The Army Reserve (search), whose part-time soldiers serve in combat and support roles in Iraq and Afghanistan, is so hampered by misguided Army policies and practices that it is "rapidly degenerating into a 'broken' force," the Reserve's most senior general says.

Lt. Gen. James R. Helmly (search), chief of the Army Reserve, wrote in an internal memorandum to the Army's top uniformed officer that the Reserve has reached the point of being unable to fulfill its missions in Iraq and Afghanistan and to regenerate its forces for future missions.

The Army Reserve has about 200,000 soldiers, nearly 52,000 of them on active duty for the war on terrorism, mainly in Iraq. They provide combat support, medical care, transportation, legal services and other support. About 50 have died so far in the Iraq war.

Helmly's Dec. 20 memo is addressed to Gen. Peter Schoomaker (search), the Army chief of staff, and was first reported in Wednesday's editions of the Baltimore Sun, whose Web site has a link to the eight-page document. Two officials who saw the original memo confirmed its contents to The Associated Press.

"The purpose of this memorandum is to inform you of the Army Reserve's inability under current policies, procedures and practices ... to meet mission requirements associated with Operation Iraqi Freedom and Enduring Freedom," Helmly wrote, using the military's names for the Iraq and Afghanistan wars.

"The Army Reserve is additionally in grave danger of being unable to meet other operational requirements," including those in classified contingency plans for other potential wars or national emergencies, "and is rapidly degenerating into a 'broken' force," Helmly wrote.

The Army Reserve's ability to regenerate its recently deployed forces is "eroding daily," he added, in part because Reserve troops who finish tours in Iraq and Afghanistan are required to leave substantial amounts of their equipment for other forces and for contractors.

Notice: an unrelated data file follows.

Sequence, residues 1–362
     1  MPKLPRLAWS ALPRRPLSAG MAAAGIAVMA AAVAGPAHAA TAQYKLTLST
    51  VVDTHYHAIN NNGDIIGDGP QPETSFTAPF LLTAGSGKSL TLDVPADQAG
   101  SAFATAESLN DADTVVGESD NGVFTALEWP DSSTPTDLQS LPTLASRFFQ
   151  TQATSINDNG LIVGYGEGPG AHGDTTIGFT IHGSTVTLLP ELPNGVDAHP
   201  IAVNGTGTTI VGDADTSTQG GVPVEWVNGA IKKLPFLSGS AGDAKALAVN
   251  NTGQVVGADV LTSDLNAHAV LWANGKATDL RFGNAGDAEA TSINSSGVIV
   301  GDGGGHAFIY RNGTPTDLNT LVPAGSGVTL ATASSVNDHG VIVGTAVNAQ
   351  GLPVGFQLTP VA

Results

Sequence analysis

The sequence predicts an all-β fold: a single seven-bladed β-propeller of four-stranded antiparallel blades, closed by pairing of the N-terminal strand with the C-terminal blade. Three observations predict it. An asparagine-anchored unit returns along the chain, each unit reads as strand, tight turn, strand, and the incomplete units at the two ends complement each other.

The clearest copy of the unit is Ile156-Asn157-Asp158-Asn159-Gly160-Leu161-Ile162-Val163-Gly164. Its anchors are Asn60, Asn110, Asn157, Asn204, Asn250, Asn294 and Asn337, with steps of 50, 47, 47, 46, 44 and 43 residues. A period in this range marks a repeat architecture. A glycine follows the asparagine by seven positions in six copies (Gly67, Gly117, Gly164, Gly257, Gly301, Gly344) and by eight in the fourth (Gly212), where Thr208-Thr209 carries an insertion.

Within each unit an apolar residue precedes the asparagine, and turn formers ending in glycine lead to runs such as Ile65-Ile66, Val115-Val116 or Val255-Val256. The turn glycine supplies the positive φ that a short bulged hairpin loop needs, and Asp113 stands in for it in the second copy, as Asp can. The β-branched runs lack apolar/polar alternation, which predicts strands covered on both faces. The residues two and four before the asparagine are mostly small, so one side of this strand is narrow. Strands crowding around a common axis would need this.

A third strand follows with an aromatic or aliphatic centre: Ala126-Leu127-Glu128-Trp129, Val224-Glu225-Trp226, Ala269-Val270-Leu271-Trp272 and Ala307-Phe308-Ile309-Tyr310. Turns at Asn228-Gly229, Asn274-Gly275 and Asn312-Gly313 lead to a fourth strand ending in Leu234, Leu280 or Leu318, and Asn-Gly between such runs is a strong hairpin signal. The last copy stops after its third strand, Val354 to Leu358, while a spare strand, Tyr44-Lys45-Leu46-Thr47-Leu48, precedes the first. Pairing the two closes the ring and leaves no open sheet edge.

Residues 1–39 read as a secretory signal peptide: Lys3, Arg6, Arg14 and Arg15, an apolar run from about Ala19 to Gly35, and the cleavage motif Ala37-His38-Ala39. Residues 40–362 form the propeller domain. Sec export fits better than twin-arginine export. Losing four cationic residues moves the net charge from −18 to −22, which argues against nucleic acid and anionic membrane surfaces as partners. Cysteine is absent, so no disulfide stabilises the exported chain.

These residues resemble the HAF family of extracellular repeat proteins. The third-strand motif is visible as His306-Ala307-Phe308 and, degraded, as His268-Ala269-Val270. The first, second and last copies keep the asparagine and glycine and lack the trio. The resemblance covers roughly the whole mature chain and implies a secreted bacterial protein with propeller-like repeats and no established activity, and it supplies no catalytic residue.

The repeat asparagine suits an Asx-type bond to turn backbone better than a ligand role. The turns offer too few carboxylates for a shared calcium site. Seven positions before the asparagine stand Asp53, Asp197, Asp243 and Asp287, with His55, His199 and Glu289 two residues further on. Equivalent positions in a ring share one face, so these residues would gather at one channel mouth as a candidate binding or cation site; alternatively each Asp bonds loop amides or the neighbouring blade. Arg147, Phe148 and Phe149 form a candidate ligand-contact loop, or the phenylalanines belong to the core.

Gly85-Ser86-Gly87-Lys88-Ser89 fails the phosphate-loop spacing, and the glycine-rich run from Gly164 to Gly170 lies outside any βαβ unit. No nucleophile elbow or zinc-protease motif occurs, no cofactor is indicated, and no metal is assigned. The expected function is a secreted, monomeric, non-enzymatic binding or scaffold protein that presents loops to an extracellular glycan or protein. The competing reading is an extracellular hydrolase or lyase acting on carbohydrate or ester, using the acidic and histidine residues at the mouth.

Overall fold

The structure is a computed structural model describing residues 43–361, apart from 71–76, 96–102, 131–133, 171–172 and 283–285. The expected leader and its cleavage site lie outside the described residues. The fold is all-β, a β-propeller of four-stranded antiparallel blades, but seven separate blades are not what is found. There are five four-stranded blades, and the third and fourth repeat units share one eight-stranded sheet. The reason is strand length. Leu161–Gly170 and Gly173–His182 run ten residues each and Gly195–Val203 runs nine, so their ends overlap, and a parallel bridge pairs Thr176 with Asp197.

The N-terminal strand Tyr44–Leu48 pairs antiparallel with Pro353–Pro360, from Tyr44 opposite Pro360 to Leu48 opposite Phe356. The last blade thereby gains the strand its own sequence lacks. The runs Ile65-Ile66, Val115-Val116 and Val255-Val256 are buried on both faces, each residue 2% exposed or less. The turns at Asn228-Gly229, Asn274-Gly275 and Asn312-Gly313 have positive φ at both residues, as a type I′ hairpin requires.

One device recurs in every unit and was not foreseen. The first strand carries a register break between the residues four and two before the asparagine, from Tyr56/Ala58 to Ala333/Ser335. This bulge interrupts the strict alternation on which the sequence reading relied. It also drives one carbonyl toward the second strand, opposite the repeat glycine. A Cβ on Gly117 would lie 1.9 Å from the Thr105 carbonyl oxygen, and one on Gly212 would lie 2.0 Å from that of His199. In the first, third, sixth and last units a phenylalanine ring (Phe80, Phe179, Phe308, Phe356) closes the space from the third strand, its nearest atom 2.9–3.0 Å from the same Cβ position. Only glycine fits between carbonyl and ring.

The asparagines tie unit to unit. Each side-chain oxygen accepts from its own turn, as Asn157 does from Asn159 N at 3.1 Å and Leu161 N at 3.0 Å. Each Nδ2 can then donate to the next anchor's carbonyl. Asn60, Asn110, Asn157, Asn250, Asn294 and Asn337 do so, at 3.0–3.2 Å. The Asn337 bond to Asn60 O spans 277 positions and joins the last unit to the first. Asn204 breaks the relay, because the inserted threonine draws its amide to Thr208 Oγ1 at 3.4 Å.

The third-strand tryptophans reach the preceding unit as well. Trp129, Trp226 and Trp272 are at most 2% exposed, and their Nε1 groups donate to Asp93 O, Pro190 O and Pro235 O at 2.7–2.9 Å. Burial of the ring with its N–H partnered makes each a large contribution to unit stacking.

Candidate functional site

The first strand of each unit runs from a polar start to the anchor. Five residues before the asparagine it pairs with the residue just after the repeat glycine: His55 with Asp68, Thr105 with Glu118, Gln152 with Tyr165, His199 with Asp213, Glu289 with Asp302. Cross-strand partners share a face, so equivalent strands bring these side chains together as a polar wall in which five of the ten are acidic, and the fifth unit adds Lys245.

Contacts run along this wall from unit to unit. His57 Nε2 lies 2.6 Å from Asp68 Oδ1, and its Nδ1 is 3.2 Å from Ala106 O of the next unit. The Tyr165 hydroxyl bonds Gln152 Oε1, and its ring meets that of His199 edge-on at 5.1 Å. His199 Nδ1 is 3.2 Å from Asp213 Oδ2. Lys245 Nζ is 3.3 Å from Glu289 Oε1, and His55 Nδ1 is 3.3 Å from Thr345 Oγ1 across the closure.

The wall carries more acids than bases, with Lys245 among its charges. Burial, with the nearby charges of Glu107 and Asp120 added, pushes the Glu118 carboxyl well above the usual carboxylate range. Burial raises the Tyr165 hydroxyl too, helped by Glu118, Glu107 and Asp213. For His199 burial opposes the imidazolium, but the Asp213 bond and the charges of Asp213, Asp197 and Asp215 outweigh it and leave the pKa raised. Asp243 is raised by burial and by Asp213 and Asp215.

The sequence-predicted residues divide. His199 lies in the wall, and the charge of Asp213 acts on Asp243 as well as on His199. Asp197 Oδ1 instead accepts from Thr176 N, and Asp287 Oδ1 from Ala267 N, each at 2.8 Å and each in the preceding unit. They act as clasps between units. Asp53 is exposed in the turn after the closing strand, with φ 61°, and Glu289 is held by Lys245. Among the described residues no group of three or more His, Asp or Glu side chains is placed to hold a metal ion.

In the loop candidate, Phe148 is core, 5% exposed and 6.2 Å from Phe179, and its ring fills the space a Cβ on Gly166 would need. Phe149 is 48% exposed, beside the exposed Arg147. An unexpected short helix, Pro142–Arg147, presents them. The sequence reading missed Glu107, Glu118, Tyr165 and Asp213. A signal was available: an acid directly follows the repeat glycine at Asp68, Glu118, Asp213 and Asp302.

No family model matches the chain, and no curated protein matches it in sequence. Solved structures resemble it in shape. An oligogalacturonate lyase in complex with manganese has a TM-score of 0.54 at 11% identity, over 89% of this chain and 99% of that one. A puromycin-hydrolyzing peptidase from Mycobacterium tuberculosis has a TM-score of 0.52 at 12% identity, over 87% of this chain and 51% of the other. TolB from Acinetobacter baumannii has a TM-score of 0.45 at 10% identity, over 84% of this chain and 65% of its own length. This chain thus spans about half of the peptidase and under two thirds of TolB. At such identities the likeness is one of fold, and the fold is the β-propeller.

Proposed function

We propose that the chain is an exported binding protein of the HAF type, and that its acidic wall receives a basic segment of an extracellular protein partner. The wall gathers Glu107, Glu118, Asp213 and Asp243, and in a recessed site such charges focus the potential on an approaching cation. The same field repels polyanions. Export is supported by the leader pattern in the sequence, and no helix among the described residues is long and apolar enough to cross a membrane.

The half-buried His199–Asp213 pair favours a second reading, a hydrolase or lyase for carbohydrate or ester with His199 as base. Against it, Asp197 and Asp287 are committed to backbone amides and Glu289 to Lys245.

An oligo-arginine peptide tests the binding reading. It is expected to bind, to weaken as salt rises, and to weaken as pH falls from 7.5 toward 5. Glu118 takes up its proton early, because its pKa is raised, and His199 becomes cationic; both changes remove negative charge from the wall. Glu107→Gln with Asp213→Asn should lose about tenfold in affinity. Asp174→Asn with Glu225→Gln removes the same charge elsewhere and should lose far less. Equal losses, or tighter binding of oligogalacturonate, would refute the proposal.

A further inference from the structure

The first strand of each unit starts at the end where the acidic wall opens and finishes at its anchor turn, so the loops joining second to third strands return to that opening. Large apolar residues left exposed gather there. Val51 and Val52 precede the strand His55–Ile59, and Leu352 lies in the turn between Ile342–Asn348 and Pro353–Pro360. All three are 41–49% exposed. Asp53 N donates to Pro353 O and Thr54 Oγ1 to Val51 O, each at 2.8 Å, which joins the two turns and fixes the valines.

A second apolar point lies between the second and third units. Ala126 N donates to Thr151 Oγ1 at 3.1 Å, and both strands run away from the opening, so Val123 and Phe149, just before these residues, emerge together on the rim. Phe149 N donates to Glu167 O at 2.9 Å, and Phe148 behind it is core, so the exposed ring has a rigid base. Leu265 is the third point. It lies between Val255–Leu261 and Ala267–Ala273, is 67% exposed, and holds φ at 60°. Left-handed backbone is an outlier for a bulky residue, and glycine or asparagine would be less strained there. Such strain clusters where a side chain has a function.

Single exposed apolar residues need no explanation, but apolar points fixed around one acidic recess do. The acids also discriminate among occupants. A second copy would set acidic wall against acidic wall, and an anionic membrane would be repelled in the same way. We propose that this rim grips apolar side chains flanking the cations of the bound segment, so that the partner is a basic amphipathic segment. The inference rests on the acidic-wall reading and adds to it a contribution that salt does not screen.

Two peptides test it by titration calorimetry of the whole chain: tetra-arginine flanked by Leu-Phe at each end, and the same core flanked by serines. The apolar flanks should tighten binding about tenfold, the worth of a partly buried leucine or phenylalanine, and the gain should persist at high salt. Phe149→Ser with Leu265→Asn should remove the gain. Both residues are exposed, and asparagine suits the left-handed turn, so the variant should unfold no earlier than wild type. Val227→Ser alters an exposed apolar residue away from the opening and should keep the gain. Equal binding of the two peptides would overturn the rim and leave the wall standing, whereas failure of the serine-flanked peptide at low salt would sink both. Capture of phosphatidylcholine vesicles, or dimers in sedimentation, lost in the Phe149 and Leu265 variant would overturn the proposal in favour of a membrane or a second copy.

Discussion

Helmly also referred to a practice, not previously disclosed, of requiring each Reserve soldier who receives a mobilization order with less than 30 days notice to sign a "volunteer statement." From his brief description of the practice it appears that this is done to reduce the number of reported cases of short-notice, involuntary mobilizations.

He also criticized the practice of offering Reserve soldiers an extra $1,000 a month if they volunteer to be mobilized a second time. This confuses "volunteers" with "mercenaries," he said.

Helmly's blunt description of these problems is the sort of internal attack that rarely becomes public, although some private defense analysts and members of Congress have openly questioned whether the strains on the Army caused by the Iraq war would eventually threaten the all-volunteer force.

Sen. Jack Reed, D-R.I., said Wednesday he was disturbed by the concerns raised in Helmly's memo.

"By consistently underestimating the number of troops necessary for the successful occupation of Iraq, the administration has placed a tremendous burden on the Army Reserve and created this crisis," Reed said.

Al Schilf, a spokesman for Helmly, said the three-star general was not available Wednesday to discuss the issues raised in his memo. The Sun quoted Helmly as saying in an interview Tuesday that he stands by his memo and that it contains his best professional assessment.

Col. Joe Curtin, a spokesman at Army headquarters in the Pentagon, said the Army has a group of experts studying a wide range of problems facing not only the Army Reserve but also the Army National Guard.

"These issues are largely being addressed now," Curtin said. "General Helmly's concerns are of a serious nature, and the Army realizes it has to work very hard and diligently to resolve them, and our intent is to resolve those issues."

Since President Bush launched a global war on terrorism after the attacks of Sept. 11, 2001, about 65,000 Army Reserve soldiers have deployed to Iraq or Afghanistan, according to Pentagon figures.

Among Helmly's other complaints:

— The Army is relying too heavily on volunteers to mobilize for duty in Iraq and Afghanistan. The most likely to volunteer are "those who often enjoy lesser responsible positions in civilian life," he said.

— The Army has failed to use its legal authority to call to active duty those members of the Reserve who have violated their service contract, by missing training or other actions. Helmly said he asked for but was not given the authority to discharge those Reserve members, who number 16,400.